Wednesday, June 20, 2018

Blinded by Yield

I think in Singapore, one of the most popular investing styles is income investing, mostly through dividend paying stocks and REITs, supplemented with retail bonds.

To be honest, it is a strategy that I myself is quite fond of.

Kyith wrote an excellent piece about HY dividend stocks and some ways to think about them. I think it's a great read, especially for people whose analysis consists of only looking at the headline dividend yield number.

Business profits could drop.
Dividend payouts could drop.
Demand for higher yield could increase, price would drop.

Some people might think that fixed income investments might be better, since the payouts can't drop. That is true - to an extent. Payouts could just be cancelled and stopped altogether, ala Hyflux style. Worst still, the principal could just be defaulted on. So are bonds are safe? It really depends which one. This is an example of an extremely unsafe bond.

Almost 3 years ago, I was analyzing Telcos, which are known to be steady dividend payers.

Singtel has gone from 4.03 to 3.16. (minus 22%)
M1 has gone from 3.19 to 1.54. (minus 52%)
Starhub has gone from 4.00 to 1.54. (minus 62%)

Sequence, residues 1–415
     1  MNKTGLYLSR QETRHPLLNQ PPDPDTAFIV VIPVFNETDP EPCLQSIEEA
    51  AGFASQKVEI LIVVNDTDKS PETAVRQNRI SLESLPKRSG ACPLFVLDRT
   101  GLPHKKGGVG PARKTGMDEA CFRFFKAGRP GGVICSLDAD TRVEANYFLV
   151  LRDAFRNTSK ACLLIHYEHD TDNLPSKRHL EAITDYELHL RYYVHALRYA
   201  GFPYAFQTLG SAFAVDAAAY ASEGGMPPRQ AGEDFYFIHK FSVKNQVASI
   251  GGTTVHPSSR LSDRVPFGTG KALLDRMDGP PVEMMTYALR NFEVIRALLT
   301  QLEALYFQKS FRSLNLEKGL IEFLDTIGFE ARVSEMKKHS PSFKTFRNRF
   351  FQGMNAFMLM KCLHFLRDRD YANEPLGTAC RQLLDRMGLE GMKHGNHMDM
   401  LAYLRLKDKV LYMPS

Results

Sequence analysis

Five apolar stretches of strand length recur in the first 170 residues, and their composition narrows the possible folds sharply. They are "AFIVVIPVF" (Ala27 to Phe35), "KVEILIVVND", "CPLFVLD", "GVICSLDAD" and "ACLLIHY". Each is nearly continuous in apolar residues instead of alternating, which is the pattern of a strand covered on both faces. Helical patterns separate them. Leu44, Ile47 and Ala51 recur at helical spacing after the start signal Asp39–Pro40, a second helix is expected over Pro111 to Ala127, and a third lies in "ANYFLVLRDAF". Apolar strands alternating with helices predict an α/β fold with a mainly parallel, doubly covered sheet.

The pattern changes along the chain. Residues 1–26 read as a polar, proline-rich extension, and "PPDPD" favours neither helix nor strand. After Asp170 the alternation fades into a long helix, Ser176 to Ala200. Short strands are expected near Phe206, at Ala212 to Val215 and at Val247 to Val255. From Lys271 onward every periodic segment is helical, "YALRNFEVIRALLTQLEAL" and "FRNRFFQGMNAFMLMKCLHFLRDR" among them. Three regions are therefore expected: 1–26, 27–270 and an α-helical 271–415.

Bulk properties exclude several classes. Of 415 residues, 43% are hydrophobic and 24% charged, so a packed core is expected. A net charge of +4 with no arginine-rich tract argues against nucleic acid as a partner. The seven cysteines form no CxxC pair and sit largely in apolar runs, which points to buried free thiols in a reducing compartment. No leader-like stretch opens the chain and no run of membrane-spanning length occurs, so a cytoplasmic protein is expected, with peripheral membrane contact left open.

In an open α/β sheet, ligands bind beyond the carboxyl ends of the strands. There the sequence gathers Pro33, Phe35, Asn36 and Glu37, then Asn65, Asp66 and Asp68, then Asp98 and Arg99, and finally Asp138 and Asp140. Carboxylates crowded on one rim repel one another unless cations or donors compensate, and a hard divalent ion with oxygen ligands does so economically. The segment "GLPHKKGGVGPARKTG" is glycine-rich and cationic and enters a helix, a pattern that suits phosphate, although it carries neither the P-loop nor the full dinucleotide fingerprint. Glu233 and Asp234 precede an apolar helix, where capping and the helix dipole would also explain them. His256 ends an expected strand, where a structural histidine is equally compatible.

Even counting in the dividends paid out over that period, things are not pretty.

Previously when I was focused on SGX, I did invest in M1 and I cut my losses at 19%. I cut losses with Starhub at 5%.

Anyway, I'm just saying don't be too caught up in the yield numbers because earnings don't expand perpetually.

It's easy for me to comment freely since I no longer own any stocks, but I think chasing high yield numbers is one of the most sure way to die. Ask the people that chased Sabana, HPH, APTV and the infamous Rickmers.

If the yield is really so irresistible, why isn't everyone else buying it and bringing the yield down? There must be a really good reason.

Betting on attractive yields relative to its own historical yields is a better approach, in my opinion. Not every REIT is the same, and to just select them based on raw yields alone is really too basic and doesn't take into account the unique characteristics of each REIT. I'd do the same for P/NAV, and then look for the good stuff which have been irrationally swept up in the mess that is affecting everyone.

Anyway, this is just my observation as a bystander. I think so many markets are crazily overvalued. And this is true within the crypto markets as well. It's madness the valuations that some projects are getting.

If everything goes to shit, I might honestly decide to de-risk my portfolio and move some of my wealth back into traditional yield stocks. Yes, buying depressed assets at firesale prices is a low risk move, not a high-risk one.

By the way, I'm positioned for a global financial meltdown, so yeah, I'm kind of biased.


  1. Markets barely moved but so many are kpkb that bear or crash is happening lol.

    If u r positioned for another gfc u r way too early. At least another 1+ yr of bull to go maybe more.

    And the next bear market may be a mild one.

  2. Buy reit when the ave div is some 20% in a crash, It is the safest, my experience.

  3. Yield, revenue, cashflow, all must go hand-in-hand.

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